When Robin is confronted with the true reality of the British Empire, he must decide for himself whether he is strong enough to make a change in Babel, or the Necessity of Violence: An Arcane History of the Oxford Translators’ Revolution by R. F. Kuang.
From the Blurb:
Traduttore, traditore: An act of translation is always an act of betrayal.
1828. Robin Swift, orphaned by cholera in Canton, is brought to London by the mysterious Professor Lovell. There, he trains for years in Latin, Ancient Greek, and Chinese, all in preparation for the day he’ll enroll in Oxford University’s prestigious Royal Institute of Translation — also known as Babel.
Babel is the world’s center of translation and, more importantly, of silver-working: the art of manifesting the meaning lost in translation through enchanted silver bars, to magical effect. Silver-working has made the British Empire unparalleled in power, and Babel’s research in foreign languages serves the Empire’s quest to colonize everything it encounters.
Oxford, the city of dreaming spires, is a fairytale for Robin; a utopia dedicated to the pursuit of knowledge. But knowledge serves power, and for Robin, a Chinese boy raised in Britain, serving Babel inevitably means betraying his motherland. As his studies progress Robin finds himself caught between Babel and the shadowy Hermes Society, an organization dedicated to sabotaging the silver-working that supports imperial expansion. When Britain pursues an unjust war with China over silver and opium, Robin must decide: Can powerful institutions be changed from within, or does revolution always require violence? What is he willing to sacrifice to bring Babel down?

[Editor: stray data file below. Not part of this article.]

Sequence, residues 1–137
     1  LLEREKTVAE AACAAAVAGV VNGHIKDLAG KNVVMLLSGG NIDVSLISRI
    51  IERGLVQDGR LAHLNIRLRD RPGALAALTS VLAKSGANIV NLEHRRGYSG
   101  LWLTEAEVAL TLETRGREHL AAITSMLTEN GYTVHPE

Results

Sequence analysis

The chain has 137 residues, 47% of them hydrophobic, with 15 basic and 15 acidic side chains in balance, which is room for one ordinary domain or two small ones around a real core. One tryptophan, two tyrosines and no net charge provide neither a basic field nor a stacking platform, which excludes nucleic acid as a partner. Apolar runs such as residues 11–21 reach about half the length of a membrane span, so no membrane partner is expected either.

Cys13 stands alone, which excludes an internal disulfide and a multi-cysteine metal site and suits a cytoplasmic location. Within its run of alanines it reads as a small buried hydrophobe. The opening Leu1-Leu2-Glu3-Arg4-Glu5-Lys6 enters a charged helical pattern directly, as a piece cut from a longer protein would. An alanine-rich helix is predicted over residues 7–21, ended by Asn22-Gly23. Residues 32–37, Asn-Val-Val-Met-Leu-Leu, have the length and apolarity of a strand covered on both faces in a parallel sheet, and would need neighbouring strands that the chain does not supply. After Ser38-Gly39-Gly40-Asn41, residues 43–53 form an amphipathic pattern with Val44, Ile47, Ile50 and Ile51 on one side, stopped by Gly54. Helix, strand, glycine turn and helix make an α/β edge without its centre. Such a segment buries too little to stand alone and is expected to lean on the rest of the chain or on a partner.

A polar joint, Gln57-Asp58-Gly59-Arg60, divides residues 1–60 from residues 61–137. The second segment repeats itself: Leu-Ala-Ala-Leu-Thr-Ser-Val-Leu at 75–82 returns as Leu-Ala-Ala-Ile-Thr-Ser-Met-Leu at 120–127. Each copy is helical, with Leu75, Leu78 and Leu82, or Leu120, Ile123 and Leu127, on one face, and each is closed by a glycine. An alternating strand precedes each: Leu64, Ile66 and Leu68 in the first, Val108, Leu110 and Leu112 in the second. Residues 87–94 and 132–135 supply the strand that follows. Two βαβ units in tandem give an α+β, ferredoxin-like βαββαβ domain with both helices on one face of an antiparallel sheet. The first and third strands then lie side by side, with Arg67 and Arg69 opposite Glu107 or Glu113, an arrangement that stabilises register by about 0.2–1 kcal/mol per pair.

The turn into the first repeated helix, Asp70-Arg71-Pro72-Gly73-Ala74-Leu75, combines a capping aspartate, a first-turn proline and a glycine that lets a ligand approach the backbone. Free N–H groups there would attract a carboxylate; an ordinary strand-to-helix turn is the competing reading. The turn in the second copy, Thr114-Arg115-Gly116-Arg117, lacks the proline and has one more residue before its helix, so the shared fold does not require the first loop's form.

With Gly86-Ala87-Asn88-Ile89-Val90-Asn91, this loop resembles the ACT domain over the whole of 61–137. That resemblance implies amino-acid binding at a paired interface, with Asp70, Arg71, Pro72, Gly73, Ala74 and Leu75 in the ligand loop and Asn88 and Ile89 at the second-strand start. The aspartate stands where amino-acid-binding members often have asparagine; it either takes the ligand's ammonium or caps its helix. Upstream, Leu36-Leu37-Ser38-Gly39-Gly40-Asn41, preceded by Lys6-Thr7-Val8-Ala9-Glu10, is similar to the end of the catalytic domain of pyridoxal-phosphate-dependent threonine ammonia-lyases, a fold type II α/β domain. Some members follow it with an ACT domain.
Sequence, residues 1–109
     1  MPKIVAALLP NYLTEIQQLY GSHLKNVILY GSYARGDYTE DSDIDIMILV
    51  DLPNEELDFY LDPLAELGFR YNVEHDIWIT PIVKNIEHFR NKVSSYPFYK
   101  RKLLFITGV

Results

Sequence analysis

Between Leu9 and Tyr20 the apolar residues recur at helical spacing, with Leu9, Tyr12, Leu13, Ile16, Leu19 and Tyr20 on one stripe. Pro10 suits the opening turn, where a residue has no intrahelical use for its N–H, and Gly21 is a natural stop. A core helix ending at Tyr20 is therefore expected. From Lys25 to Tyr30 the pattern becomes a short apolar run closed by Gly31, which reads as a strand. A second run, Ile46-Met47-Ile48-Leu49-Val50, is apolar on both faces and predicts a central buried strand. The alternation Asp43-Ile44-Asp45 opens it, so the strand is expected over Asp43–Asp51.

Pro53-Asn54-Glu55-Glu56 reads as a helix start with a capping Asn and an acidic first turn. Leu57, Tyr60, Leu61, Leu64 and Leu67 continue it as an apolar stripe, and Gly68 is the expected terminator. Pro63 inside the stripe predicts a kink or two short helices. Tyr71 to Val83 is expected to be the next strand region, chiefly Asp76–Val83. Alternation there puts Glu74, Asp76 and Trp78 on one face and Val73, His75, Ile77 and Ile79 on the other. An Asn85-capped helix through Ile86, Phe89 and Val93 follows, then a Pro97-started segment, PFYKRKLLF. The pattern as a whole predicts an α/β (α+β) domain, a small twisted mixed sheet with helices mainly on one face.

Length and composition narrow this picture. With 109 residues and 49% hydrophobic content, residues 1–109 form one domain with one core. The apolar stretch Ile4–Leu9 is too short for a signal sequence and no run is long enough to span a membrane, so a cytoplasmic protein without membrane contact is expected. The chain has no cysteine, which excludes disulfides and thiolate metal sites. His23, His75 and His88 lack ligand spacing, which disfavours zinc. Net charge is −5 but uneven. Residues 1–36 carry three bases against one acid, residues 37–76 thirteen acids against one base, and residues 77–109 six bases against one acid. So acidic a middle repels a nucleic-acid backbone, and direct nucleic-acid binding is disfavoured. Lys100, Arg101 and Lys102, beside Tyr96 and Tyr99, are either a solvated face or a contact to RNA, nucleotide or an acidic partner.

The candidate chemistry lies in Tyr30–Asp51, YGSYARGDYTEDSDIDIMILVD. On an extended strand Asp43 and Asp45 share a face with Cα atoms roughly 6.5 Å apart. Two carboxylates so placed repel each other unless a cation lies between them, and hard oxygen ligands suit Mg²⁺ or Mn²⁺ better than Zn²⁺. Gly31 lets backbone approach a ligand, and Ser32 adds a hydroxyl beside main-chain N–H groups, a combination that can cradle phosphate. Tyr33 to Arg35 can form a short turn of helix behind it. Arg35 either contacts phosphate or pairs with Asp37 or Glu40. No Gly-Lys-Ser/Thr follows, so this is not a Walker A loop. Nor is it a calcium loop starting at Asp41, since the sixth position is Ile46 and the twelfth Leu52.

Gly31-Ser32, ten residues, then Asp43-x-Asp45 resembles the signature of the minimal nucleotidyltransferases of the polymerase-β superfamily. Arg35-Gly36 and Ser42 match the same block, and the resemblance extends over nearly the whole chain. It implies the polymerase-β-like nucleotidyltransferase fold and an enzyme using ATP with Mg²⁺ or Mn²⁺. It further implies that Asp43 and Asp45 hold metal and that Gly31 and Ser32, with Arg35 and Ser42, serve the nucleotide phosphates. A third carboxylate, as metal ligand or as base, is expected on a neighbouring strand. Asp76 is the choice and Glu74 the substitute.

Babel — a thematic response to The Secret History and a tonal response to Jonathan Strange & Mr. Norrell — grapples with student revolutions, colonial resistance, and the use of translation as a tool of empire.
After his family dies of cholera, Robin Swift is plucked from the Chinese Empire in order to be raised and trained as a translator to serve the British Empire’s silverworking industry from Oxford. Growing up alongside him for the first third of the novel, we see a lonely boy trying to mould himself into a british subject, but never quite fitting in. Once at Oxford, he flourishes until cracks begin to appear in his vision of the perfect Empire. R. F. Kuang pulls no punches in describing just how much disdain the white British population has for foreigners, particularly those of colour, and the privilege a white-passing person like Robin has. Despite this, it takes him a long time before he decides to actively rebel against the Empire, which is at the heart of his character arc.
Kuang doesn’t hesitate to make the rest of her characters just as nuanced: Ramiz must toe the line between what’s accepted and what he truly wants; Victoire must swallow the constant racism she faces even from those close to her, while Lettie struggles to escape her brother’s shadow and the Empire’s propaganda. Despite the fact that the narration is centered on Robin, each of his cohort struggles against the Imperial machine in different ways.